Elizabeth refused to attend the state opening of her sixth Parliament, summoned as it was with the sole purpose of condemning her cousin Mary Stuart, Queen of Scots, who had been a prisoner in England since 1568. The 1584-5 Parliament stood prorogued when the Babington plot to assassinate Elizabeth, including incontrovertible evidence of Mary’s complicity, was discovered in late August 1586. Under the terms of the Bond of Association and an Act passed in 1585 Sir Anthony Babington and thirteen co-conspirators were convicted of treason and put to death in September. A special commission unanimously found Mary guilty but the legality of executing the deposed head of a foreign state remained uncertain, while Elizabeth was deeply reluctant to proceed against one ‘of that estate and quallity soe nere of her bloud and of her owne sexe’.2 Ultimately only Parliament could clarify the legal situation so rather than wait until the recall date set for 14 November it was dissolved and writs were issued to instead summon a new assembly as quickly as possible. The Privy Council attempted to further speed things along by instructing constituencies to re-elect the same Members that had sat in 1584; as a result 52% of the Commons in 1586 were veterans of the preceding Parliament.3 Eight privy councillors found themselves seats in the Lower House, and John Puckering was selected to serve a second term as Speaker, despite the difficulties he had previously encountered in enforcing Elizabeth’s restrictions on religious debates. Records of this Parliament are frustratingly patchy. The only surviving private diaries are both anonymous and incomplete, namely an account of proceedings relating to Mary dated 15 Oct. to 2 Dec. 1586, and a journal of daily business after her execution covering 23 Feb. to 8 Mar. 1587.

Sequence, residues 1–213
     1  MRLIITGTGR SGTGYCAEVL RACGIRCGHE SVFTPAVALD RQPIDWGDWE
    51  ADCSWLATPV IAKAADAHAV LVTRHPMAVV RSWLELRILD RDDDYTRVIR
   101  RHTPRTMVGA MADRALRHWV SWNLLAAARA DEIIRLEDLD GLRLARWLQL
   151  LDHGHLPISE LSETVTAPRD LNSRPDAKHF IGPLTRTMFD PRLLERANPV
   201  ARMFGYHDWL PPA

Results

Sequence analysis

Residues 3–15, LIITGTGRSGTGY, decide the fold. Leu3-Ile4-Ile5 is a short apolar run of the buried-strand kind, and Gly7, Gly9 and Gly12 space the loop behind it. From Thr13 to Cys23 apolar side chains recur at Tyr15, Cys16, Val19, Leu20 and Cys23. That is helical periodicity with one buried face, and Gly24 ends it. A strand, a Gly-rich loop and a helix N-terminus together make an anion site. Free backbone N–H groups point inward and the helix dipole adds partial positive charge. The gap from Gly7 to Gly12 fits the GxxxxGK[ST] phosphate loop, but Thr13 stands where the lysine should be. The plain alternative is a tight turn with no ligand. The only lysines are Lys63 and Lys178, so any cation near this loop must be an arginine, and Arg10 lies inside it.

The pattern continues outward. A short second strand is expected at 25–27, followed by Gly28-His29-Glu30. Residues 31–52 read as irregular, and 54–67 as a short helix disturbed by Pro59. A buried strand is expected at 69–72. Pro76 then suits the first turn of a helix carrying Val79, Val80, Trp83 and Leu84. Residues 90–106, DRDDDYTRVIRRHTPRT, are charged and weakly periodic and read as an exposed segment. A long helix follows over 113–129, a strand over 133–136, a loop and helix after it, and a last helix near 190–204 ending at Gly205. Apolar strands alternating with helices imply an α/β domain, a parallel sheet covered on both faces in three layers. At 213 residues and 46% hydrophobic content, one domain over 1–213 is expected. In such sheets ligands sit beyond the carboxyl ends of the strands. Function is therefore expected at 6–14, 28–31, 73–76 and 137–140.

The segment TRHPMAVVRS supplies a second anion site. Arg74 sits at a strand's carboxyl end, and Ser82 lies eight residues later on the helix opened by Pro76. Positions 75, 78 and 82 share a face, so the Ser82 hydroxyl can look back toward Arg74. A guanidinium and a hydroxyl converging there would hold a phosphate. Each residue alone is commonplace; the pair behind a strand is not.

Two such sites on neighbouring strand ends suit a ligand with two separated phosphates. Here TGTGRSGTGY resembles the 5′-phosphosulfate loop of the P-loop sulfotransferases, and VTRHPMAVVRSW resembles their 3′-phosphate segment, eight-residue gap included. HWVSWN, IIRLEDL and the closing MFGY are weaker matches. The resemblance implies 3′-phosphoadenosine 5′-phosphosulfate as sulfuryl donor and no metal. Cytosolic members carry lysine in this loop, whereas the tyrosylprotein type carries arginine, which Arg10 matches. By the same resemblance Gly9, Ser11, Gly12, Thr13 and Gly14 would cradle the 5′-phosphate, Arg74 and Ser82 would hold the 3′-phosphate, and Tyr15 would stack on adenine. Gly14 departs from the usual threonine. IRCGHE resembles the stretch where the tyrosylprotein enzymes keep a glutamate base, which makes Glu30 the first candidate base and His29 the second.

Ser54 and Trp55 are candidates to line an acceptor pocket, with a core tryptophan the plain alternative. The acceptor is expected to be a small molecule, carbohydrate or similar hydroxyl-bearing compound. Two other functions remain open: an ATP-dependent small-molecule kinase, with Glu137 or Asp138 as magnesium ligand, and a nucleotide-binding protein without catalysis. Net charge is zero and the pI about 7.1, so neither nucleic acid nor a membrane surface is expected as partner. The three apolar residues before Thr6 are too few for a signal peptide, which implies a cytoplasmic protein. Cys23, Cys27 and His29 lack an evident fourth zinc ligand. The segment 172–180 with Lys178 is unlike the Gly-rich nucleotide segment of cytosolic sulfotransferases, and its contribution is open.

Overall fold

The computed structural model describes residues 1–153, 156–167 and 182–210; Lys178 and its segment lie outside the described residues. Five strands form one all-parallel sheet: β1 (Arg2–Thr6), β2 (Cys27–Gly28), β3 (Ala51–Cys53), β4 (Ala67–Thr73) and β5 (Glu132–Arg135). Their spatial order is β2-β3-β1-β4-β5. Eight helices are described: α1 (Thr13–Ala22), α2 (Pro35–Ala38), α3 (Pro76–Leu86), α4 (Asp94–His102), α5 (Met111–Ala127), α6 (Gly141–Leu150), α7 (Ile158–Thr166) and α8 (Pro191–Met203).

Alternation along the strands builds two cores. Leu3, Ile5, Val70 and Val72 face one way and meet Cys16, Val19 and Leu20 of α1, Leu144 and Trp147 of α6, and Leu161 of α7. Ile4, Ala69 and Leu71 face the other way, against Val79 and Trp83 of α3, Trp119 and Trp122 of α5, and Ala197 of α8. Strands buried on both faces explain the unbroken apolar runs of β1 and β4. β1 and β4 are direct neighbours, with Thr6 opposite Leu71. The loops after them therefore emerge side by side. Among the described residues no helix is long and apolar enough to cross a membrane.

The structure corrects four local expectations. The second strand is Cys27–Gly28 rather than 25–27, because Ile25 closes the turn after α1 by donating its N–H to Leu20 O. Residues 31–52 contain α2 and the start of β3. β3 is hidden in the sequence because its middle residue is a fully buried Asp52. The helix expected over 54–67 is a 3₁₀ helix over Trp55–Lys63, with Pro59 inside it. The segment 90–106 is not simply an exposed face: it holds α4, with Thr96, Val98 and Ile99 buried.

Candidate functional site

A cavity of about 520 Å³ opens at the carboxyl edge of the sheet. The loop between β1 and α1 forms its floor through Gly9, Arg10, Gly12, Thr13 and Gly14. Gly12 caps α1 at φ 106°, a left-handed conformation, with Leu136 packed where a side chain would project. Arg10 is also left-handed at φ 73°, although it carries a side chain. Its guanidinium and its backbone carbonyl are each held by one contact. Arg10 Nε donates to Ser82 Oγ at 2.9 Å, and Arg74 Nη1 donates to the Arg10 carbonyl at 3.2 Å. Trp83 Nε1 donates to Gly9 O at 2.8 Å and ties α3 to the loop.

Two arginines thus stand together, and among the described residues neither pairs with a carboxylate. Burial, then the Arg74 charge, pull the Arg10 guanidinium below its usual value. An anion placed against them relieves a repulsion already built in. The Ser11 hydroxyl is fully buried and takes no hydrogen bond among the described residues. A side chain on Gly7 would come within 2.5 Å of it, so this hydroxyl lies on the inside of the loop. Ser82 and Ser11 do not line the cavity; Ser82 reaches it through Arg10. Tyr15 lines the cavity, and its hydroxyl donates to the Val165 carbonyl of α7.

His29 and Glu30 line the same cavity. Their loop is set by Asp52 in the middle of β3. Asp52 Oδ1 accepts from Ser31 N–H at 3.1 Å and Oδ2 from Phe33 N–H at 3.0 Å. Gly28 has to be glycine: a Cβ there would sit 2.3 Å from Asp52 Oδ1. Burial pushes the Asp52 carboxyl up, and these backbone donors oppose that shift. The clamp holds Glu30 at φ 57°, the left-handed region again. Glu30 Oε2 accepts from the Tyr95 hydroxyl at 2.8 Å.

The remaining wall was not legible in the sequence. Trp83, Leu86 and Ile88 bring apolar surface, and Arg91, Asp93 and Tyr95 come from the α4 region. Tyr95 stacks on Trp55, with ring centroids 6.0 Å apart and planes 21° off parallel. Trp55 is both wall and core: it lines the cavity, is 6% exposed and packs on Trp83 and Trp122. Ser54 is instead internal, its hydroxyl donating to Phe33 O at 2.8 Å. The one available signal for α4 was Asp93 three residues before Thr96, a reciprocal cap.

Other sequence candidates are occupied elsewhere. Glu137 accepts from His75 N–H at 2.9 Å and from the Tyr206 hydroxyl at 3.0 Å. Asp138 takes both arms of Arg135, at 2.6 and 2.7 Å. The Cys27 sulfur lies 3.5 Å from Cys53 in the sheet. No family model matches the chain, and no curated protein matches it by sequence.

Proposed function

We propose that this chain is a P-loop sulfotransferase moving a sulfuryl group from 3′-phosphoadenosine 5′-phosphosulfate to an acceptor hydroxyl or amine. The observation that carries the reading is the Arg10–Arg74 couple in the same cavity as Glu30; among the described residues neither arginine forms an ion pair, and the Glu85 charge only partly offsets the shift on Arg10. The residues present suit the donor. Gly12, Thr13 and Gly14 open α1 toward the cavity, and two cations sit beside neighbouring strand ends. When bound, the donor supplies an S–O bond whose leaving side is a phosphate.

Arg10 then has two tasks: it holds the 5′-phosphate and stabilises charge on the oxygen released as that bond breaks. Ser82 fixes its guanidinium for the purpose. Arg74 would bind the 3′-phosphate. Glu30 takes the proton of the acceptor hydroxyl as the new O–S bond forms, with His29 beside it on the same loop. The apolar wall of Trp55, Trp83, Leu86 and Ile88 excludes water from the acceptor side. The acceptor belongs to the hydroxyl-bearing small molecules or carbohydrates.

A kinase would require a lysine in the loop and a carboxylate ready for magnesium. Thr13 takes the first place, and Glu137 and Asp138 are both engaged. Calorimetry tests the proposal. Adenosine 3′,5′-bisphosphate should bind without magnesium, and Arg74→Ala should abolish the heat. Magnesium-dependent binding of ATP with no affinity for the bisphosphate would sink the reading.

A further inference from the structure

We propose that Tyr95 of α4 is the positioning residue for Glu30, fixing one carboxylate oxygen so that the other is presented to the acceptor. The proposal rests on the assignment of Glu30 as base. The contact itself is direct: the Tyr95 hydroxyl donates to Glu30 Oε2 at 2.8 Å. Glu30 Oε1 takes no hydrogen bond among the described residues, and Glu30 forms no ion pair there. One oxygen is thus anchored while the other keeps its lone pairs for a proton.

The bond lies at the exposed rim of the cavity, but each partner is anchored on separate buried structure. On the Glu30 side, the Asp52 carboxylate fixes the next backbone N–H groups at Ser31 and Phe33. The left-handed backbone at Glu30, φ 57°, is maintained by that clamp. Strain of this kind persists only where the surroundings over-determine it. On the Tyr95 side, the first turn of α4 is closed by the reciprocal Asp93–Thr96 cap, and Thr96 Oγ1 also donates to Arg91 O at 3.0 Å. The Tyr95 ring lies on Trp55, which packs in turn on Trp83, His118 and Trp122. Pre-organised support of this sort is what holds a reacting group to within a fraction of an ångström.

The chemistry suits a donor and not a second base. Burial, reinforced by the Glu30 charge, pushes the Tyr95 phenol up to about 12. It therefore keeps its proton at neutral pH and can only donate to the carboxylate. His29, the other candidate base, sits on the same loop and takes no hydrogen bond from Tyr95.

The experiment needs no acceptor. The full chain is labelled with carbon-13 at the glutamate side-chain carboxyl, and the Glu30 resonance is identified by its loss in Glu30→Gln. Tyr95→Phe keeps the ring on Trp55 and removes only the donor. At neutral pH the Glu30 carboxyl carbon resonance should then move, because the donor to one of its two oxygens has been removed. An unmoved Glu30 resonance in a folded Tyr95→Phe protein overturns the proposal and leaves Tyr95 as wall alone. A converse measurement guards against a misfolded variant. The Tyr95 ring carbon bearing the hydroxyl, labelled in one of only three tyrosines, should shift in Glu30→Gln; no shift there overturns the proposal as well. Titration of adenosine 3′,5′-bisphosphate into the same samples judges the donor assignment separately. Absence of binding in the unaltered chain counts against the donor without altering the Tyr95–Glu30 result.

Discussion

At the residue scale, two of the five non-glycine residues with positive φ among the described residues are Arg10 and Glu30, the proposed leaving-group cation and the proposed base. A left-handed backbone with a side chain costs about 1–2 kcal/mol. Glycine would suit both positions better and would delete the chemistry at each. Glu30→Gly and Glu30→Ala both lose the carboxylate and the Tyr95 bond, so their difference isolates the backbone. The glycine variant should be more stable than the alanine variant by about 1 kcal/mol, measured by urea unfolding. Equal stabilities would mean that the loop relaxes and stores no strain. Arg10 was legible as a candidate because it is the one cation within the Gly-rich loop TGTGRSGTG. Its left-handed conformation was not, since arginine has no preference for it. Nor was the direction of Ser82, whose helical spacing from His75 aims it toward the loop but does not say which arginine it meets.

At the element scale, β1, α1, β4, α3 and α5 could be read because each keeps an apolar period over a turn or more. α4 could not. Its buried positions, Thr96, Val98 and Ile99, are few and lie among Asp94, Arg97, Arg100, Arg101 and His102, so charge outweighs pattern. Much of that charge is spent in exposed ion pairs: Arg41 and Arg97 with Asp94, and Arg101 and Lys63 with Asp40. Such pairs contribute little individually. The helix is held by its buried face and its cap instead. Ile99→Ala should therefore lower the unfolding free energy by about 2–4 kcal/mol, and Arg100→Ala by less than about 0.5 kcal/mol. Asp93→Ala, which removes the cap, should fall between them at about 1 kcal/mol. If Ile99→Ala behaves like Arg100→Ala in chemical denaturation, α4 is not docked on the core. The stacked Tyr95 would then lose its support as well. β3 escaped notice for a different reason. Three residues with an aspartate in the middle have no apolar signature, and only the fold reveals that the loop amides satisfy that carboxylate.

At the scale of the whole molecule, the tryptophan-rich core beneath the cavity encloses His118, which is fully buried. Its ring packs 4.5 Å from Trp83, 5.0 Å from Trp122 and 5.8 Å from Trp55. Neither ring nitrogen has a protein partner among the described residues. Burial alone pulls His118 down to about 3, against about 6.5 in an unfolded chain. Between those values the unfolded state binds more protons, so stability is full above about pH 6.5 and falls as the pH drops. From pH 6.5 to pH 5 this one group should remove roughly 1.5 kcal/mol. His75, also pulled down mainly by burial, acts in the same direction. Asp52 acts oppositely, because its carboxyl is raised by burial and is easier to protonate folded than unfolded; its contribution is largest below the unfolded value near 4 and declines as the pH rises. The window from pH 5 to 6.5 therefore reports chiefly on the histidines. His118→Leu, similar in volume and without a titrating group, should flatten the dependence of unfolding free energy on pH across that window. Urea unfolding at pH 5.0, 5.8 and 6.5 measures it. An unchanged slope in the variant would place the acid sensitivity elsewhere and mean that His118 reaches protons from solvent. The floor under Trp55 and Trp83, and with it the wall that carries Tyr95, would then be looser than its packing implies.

The urgent need for Parliament to overcome Elizabeth’s scruples and secure the execution of Mary was addressed during the opening days of the session in speeches to the Commons by Sir Christopher Hatton, Sir Walter Mildmay, Sir Ralph Sadler and John Wolley, all privy councillors, and resulted in a joint petition with the Lords to Elizabeth that was delivered on 12 November.4 She responded in person the same day and again on 24 Nov. to delegations from both Houses. On each occasion she stalled for time, being evidently unable to reach a decision either way, and eventually produced an ‘aunswer aunswerles’.5 It was not until the Parliament was adjourned on 2 Dec. that she finally conceded to their petition and allowed Mary’s death sentence to be publicized in a Proclamation under the great seal. This was not yet the end of the matter, however, for Elizabeth still desired to stay the execution indefinitely if possible. Following rumours of a further plot she signed the death warrant on 1 Feb. 1587 but then attempted, too late, to call it back; Mary was beheaded on 8 Feb., leaving Elizabeth distraught and furious with her secretary William Davison and others she held responsible including Lord Burghley (Sir William Cecil).